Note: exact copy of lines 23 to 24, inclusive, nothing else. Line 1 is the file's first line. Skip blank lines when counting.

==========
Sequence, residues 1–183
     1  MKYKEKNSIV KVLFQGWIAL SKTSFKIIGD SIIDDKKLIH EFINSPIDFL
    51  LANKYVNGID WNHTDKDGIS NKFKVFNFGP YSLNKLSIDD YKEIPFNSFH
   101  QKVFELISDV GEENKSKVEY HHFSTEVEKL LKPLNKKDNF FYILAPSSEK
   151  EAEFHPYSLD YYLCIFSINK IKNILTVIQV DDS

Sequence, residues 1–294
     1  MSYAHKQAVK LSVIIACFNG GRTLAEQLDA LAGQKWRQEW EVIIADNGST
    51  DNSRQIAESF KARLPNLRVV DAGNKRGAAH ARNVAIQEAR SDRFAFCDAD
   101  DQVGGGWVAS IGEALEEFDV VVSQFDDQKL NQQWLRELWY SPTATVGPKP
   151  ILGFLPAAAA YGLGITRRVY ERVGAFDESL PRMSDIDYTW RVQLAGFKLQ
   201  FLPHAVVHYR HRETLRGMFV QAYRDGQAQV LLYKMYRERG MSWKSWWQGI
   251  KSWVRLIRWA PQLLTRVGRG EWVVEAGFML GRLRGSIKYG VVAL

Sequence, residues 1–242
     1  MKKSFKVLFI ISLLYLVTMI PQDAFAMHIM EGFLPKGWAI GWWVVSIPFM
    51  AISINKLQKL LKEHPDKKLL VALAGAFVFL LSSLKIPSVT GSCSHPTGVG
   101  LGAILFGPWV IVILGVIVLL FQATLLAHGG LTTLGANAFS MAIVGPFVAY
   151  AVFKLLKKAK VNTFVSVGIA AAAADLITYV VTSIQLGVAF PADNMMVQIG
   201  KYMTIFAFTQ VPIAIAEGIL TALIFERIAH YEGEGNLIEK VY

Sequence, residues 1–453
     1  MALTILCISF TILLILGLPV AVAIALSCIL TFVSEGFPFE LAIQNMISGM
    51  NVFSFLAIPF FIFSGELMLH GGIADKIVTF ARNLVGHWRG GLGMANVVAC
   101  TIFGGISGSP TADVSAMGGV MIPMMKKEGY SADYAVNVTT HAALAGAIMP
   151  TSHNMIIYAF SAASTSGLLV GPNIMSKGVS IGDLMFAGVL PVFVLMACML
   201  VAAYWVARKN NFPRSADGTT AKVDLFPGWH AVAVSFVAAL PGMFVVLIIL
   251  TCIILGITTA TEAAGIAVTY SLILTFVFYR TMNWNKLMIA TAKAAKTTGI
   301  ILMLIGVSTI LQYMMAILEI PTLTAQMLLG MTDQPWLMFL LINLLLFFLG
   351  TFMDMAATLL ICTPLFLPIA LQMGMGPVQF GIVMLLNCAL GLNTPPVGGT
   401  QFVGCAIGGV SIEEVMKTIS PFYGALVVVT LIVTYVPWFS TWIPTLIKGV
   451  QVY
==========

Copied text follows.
   151  TSHNMIIYAF SAASTSGLLV GPNIMSKGVS IGDLMFAGVL PVFVLMACML
   201  VAAYWVARKN NFPRSADGTT AKVDLFPGWH AVAVSFVAAL PGMFVVLIIL